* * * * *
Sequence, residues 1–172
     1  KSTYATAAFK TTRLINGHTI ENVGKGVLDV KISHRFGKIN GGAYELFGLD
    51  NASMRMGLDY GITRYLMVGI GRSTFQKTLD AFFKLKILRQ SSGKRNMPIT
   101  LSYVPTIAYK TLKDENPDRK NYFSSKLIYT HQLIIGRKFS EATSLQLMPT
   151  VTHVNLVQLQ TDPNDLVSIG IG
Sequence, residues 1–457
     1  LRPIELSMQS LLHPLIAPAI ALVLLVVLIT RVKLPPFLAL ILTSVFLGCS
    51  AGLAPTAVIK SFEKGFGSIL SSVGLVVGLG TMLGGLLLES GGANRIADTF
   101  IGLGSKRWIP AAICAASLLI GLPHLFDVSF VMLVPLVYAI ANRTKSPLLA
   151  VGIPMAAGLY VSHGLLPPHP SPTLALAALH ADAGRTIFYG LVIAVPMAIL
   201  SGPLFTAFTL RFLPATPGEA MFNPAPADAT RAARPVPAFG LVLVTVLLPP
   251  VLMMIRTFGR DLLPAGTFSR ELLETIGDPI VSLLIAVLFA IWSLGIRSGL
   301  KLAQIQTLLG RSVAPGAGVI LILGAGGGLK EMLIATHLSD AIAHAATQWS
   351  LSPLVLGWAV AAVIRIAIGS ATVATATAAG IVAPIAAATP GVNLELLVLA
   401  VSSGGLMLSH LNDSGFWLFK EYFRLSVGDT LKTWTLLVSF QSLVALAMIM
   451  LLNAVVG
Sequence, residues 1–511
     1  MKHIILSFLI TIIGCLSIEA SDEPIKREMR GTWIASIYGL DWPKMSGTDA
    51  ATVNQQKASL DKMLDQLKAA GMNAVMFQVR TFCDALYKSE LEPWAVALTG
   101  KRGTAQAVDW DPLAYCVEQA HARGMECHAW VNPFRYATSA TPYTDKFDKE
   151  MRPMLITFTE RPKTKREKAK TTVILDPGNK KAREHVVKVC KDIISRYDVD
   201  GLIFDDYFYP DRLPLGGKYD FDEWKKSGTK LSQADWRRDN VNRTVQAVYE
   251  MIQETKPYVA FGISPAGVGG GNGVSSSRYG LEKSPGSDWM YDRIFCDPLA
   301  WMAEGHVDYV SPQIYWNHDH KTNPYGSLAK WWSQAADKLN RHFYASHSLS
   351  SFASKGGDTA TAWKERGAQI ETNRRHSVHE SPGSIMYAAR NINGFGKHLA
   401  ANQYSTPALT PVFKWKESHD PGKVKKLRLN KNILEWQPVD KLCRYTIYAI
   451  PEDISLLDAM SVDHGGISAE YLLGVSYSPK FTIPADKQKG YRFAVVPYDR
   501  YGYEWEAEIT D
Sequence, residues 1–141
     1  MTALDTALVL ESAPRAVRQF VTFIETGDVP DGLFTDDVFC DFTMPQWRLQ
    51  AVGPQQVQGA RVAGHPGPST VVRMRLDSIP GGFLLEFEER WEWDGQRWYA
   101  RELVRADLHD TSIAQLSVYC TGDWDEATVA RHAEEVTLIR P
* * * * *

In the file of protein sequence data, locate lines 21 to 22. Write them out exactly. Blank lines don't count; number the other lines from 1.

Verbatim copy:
   151  MRPMLITFTE RPKTKREKAK TTVILDPGNK KAREHVVKVC KDIISRYDVD
   201  GLIFDDYFYP DRLPLGGKYD FDEWKKSGTK LSQADWRRDN VNRTVQAVYE